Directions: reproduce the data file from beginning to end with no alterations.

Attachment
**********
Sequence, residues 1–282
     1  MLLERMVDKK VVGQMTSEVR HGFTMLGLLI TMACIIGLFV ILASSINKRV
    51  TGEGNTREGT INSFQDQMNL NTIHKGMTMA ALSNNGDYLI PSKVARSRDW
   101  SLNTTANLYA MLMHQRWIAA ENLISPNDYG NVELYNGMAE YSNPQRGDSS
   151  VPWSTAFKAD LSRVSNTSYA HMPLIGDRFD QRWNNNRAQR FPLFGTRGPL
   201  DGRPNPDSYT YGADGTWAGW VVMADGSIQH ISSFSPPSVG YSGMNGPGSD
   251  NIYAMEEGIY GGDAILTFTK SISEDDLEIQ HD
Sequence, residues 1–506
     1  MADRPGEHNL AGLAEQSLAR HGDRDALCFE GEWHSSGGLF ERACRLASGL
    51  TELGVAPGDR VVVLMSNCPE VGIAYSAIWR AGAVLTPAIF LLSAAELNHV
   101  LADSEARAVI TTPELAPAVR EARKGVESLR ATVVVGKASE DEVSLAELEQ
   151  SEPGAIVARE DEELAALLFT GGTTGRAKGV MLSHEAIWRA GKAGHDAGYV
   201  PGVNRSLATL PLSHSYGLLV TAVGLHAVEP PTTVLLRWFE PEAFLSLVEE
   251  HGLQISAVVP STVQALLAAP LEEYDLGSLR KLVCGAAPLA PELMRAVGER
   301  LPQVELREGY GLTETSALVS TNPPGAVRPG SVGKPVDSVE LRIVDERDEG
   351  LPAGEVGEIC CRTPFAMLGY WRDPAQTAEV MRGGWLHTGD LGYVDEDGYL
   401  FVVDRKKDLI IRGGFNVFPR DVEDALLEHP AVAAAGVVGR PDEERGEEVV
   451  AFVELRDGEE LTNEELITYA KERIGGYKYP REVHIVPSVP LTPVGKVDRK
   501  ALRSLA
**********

Sequence, residues 1–282
     1  MLLERMVDKK VVGQMTSEVR HGFTMLGLLI TMACIIGLFV ILASSINKRV
    51  TGEGNTREGT INSFQDQMNL NTIHKGMTMA ALSNNGDYLI PSKVARSRDW
   101  SLNTTANLYA MLMHQRWIAA ENLISPNDYG NVELYNGMAE YSNPQRGDSS
   151  VPWSTAFKAD LSRVSNTSYA HMPLIGDRFD QRWNNNRAQR FPLFGTRGPL
   201  DGRPNPDSYT YGADGTWAGW VVMADGSIQH ISSFSPPSVG YSGMNGPGSD
   251  NIYAMEEGIY GGDAILTFTK SISEDDLEIQ HD
Sequence, residues 1–506
     1  MADRPGEHNL AGLAEQSLAR HGDRDALCFE GEWHSSGGLF ERACRLASGL
    51  TELGVAPGDR VVVLMSNCPE VGIAYSAIWR AGAVLTPAIF LLSAAELNHV
   101  LADSEARAVI TTPELAPAVR EARKGVESLR ATVVVGKASE DEVSLAELEQ
   151  SEPGAIVARE DEELAALLFT GGTTGRAKGV MLSHEAIWRA GKAGHDAGYV
   201  PGVNRSLATL PLSHSYGLLV TAVGLHAVEP PTTVLLRWFE PEAFLSLVEE
   251  HGLQISAVVP STVQALLAAP LEEYDLGSLR KLVCGAAPLA PELMRAVGER
   301  LPQVELREGY GLTETSALVS TNPPGAVRPG SVGKPVDSVE LRIVDERDEG
   351  LPAGEVGEIC CRTPFAMLGY WRDPAQTAEV MRGGWLHTGD LGYVDEDGYL
   401  FVVDRKKDLI IRGGFNVFPR DVEDALLEHP AVAAAGVVGR PDEERGEEVV
   451  AFVELRDGEE LTNEELITYA KERIGGYKYP REVHIVPSVP LTPVGKVDRK
   501  ALRSLA